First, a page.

A Journey Through Italy’s Cinque Terre
It is late afternoon in the small village of Manarola, and while I sip limoncello overlooking the Mediterranean Sea I think to myself – this is about as Italian as it gets. I enjoy the views atop our rooftop terrace high on the cliffs. As the daytrippers below move on to their next destination, they leave behind a stillness and quiet that never seems to come in Rome or Venice. I gaze out along the coastline, and reflect on my day’s journey.
The place is the Cinque Terre (not pronounced like ‘five’ in French – I found out the hard way). This unique coastal region on the Italian Riviera is near the neighbouring cities of Genoa and La Spezia. The Cinque Terre, as translated, refers to the five villages of Monterosso al Mare, Vernazza, Corniglia, Manarola and Riomaggiore. Historically, these five fishing villages were linked together by a rugged trail, and later by rail line. To this day, these pathways remain the quickest and most efficient way to travel from village to village.
When deciding how best to navigate the Cinque Terre, I pick the eldest option, the Sentiero Azzurro trail. I choose to start this fifteen kilometer journey in the largest of the villages, Monterosso. Being early in the morning, I opt out of the local speciality – anchovies – dip my feet into the sea and set out towards my end destination of Manarola. I learn a few things quickly as I begin this hike: one, hiking with salty feet is irritating and uncomfortable; two, walking up hundreds of flights of stairs in oppressive heat is not ideal when carrying a 20-pound backpack; and three, the unlimited rail pass to explore the Cinque Terre is certainly the easier option. However, I persevere, making my way to the second village of Vernazza.
As I turn the the last corner, setting my eyes upon Vernazza for the first time, I understand why the buildings were painted such bright hues. The colours certainly provide a beautiful mosaic like seashells on the beaches below, however the buildings were allegedly painted this way so that fishermen were able to make out their homes while at sea, ensuring that their wives were at home, as expected.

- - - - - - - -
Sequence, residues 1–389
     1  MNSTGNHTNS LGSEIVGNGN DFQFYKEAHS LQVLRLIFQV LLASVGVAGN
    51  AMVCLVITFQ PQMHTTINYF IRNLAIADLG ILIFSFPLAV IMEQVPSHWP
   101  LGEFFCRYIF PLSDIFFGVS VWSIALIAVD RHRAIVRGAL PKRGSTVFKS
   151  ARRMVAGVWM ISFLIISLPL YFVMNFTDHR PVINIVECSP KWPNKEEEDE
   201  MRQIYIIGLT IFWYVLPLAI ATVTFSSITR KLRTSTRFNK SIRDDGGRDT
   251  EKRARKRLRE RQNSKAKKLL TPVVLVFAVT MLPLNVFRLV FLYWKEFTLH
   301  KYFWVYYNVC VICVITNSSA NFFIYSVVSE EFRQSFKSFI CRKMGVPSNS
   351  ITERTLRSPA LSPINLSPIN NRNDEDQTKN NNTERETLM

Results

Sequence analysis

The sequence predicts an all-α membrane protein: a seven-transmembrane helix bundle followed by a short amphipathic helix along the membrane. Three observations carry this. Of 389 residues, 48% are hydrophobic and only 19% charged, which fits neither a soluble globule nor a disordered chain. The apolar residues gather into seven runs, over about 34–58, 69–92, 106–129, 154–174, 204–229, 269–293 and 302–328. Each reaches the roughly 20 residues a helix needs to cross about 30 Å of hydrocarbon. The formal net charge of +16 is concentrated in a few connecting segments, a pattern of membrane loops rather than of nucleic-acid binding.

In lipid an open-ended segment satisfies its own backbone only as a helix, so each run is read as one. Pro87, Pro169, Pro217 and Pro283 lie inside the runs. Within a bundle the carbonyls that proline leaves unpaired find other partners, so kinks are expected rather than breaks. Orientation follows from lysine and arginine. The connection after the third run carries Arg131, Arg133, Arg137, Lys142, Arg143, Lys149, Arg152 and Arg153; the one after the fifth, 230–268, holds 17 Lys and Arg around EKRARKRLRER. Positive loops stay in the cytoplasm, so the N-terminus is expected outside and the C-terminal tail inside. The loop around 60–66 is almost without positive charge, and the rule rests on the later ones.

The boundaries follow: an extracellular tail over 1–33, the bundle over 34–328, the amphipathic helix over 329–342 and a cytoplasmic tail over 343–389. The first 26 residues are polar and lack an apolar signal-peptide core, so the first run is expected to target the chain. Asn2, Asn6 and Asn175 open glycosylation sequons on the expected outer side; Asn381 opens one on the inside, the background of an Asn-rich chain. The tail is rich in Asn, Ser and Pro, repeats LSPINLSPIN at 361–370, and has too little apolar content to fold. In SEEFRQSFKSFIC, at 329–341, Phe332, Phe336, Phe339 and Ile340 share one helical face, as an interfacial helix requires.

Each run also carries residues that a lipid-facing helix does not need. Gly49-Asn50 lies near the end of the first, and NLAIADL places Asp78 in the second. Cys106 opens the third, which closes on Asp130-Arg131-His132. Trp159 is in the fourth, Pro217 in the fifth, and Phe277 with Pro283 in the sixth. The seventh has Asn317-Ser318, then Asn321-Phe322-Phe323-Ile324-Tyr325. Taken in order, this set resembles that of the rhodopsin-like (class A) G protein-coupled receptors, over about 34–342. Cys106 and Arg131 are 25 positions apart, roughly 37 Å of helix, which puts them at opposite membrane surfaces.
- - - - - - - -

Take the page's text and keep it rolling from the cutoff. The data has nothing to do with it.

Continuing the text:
After stopping for a light meal, I carry on to the next stop on the trail: Corniglia. The villages are perfectly equidistant, taking approximately two hours to walk from one to the next. Trekking up and down the coast, I’m treated to breathtaking views of the sea at the top, and sensory bliss while down in the valleys. The intoxicating smells of the olive and lemon trees could only accentuate the visual overload of this divine place.
Finally, I arrived in the village of Manarola, where my my day’s journey came to an end. Unfortunately, after a devastating landslide in 2011, the link between Manarola and Riomaggiore was destroyed, and work continues to restore the aptly named ‘Lovers’ Lane’ to operational conditions. After sitting down for a delicious meal of local seafood and wine, the rooftop terrace is where I spend the night, and in memory it remains the place where the world truly did stand still. Watching the waves roll in – in an almost Circadian fashion – I could feel myself slow to that natural rhythm original inhabitants of these villages must have known all too well.
While the news that Italy is set to limit the number of tourists able to visit to these beautiful villages in the next year may be unfortunate for eager travellers, I’m relieved to know that the unique stillness I craved while in other Italian cities will endure in the Cinque Terre.
Share tips from your journey through the Cinque Terre with us in the comments below!